The focus of putting students first is apparent at Oxford Virtual Academy. Students who enroll have a variety of options for their learning. They can be full-time or part-time students and take courses in a manner that works for them including virtual, seated, dual enrollment, college, and partnership courses. Students are matched with course providers that best meet their individual needs. Because OVA works to personalize education for every one of their students, many homeschool students enroll as well as students whose lives do not fit into a Monday-Friday 8 am-3 pm box. These students include athletes, artists, and those with disabilities that keep them from succeeding in the traditional school setting.

Another group that is being serviced by OVA is foster youth. Oxford School District has partnered with House of Providence, a home for teen foster youth. Teens who live there take four online core courses with OVA and are supported by the House of Providence staff. Non-core courses like yoga and pottery are also available through Oxford Virtual Academy’s partnerships. As these youth work through their painful pasts and learn to live, OVA is providing an avenue to continue their education without the stress and anxiety that attending “another” school can bring.

Study room at OVAHelping students successfully complete courses is the goal for OVA staff. The K-12 staff meet every Friday for professional development and to look at data, specifically as it relates to students. Similar to brick-and-mortar teachers, OVA teacher use response to intervention (RTI) to assist their students. The difference in the online environment is that the focus is on course completion and the tools needed to be successful rather than behavior. One tool used to help students stay on track and take ownership of their learning is a learning contract. The OVA staff are passionate about helping their students succeed which shows in their course completion rate of 84%, the highest in the State of Michigan on the “top-to-bottom list.”

Oxford Virtual Academy offers two drop-in labs for their students. The K-5 lab opened in 2016-17 while the 6-12 lab has been available for students since 2011. Both labs are located in a strip mall on the south side of town, not far from the administration building. The drop-in labs have a homey feel to them with moveable furniture to accommodate groups as well as individual learning. “We’ve come so far from the pencil cup and laptops back in 2011.” Tracey Hurford, 3-5 Elementary Mentor/Content Teacher for Math & ELA, said about the lab space. Oxford Virtual Academy and Oxford Schools Early College administrative offices are housed in the K-5 facility. The lab areas have also been used for professional development.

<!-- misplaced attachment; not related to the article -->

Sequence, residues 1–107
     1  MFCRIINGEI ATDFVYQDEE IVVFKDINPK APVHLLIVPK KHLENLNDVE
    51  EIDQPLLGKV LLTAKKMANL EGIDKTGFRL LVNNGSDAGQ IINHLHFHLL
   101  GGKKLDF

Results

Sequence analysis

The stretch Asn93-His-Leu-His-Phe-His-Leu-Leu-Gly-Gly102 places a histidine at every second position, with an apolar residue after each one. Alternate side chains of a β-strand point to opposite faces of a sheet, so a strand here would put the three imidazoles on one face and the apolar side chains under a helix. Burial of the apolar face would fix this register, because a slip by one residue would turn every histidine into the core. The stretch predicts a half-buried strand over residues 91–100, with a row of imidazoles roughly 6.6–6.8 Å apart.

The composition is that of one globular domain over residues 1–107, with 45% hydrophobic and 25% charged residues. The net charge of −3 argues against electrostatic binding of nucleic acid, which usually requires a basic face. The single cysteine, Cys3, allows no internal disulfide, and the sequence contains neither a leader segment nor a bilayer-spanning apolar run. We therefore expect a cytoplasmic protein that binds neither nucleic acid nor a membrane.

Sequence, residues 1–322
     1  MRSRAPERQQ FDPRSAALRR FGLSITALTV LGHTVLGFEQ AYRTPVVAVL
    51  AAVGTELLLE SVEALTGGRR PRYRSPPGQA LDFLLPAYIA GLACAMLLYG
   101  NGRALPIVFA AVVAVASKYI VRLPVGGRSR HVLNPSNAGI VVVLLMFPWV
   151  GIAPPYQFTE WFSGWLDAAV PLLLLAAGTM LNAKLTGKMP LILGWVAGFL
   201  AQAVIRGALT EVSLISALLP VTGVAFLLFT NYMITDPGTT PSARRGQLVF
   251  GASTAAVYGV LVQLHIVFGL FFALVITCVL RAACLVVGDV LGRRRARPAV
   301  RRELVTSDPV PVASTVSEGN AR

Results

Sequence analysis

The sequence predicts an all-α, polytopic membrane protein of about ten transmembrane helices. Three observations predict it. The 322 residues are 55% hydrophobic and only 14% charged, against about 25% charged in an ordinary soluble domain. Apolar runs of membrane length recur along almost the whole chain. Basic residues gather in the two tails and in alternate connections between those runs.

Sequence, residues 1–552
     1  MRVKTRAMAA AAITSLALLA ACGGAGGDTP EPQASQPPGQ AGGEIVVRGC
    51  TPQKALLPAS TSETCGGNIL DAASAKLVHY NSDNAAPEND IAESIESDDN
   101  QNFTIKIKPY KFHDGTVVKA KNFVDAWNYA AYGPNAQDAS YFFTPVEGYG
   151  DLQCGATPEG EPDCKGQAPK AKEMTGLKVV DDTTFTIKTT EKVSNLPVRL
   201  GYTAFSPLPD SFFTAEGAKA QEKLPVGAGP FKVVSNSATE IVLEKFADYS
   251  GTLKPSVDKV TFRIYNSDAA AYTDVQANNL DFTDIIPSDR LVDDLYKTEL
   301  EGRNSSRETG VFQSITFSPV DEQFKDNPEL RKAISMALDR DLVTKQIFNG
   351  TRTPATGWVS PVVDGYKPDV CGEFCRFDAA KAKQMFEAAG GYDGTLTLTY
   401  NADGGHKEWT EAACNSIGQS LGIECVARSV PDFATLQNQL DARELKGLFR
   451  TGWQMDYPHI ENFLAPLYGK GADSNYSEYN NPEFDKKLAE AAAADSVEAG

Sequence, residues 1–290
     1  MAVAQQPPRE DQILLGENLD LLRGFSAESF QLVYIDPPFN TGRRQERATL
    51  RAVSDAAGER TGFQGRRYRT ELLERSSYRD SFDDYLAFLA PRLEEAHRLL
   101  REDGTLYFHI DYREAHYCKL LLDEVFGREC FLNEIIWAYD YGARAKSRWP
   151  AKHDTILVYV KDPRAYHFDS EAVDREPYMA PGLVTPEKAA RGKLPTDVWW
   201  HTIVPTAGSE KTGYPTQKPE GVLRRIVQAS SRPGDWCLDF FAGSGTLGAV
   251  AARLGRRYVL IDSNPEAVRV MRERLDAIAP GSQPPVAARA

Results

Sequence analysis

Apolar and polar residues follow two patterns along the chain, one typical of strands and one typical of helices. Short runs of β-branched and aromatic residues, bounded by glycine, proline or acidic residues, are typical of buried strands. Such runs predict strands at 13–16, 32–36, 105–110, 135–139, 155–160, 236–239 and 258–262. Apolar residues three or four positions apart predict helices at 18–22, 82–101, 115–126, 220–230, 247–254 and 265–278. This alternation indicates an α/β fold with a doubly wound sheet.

Two K-5 full-time staff (one for grades K-2 and one for grades 3-5) coach parents, assist with interventions and find the “extras” students need. Students in 6th-12th grade have four full-time core teachers and two mentor teachers. The teachers/mentors work 3-4 days in the drop-in lab and 1-2 days from home. Elective teachers connect with students virtually. A K-12 special education teacher is also on staff. In addition to teachers, OVA staff includes a principal, an assistant principal, a social worker, an instructional coach, a 6th-12th-grade counselor, and a school psychologist.

The K-5 virtual program is blended where students learn content online as well as face-to-face. Parents are welcome to drop off their children which is uncommon for partnerships with homeschool families. As the Oxford staff builds trust with these families over time, parents are more comfortable congregating in the lounge space or running errands. Unique opportunities for K-5 virtual students include Coding Club, Reading Club, Tech Design, and partnerships courses in the community such as photography, karate, and sewing. Traditional Oxford “seated” students have participated in some of these courses as well.

Most students in the 6-12 program work in their own spaces (e.g., at home), but some come to the drop-in lab for exams or when they need face-to-face help. A small percentage of students attend the lab every day. OVA provides a variety of curriculum in the 6-12 program including Pearson Connexus, Edgenuity, Apex, Lincoln, and Calvert. Students who are unsure if a vendor is right for them can sample course content through a demo class before enrolling.

 

Oxford Community Schools has developed a menu of learning options focused on their customers. They have also hired staff with a passion to meet every customers’ needs and invested in technology that allows more interaction time with the customer. These components, combined with flexibility, provide students a personalized path for their learning.

Author: Lisa Sitkins, Consultant for EdTech Specialists, March 2018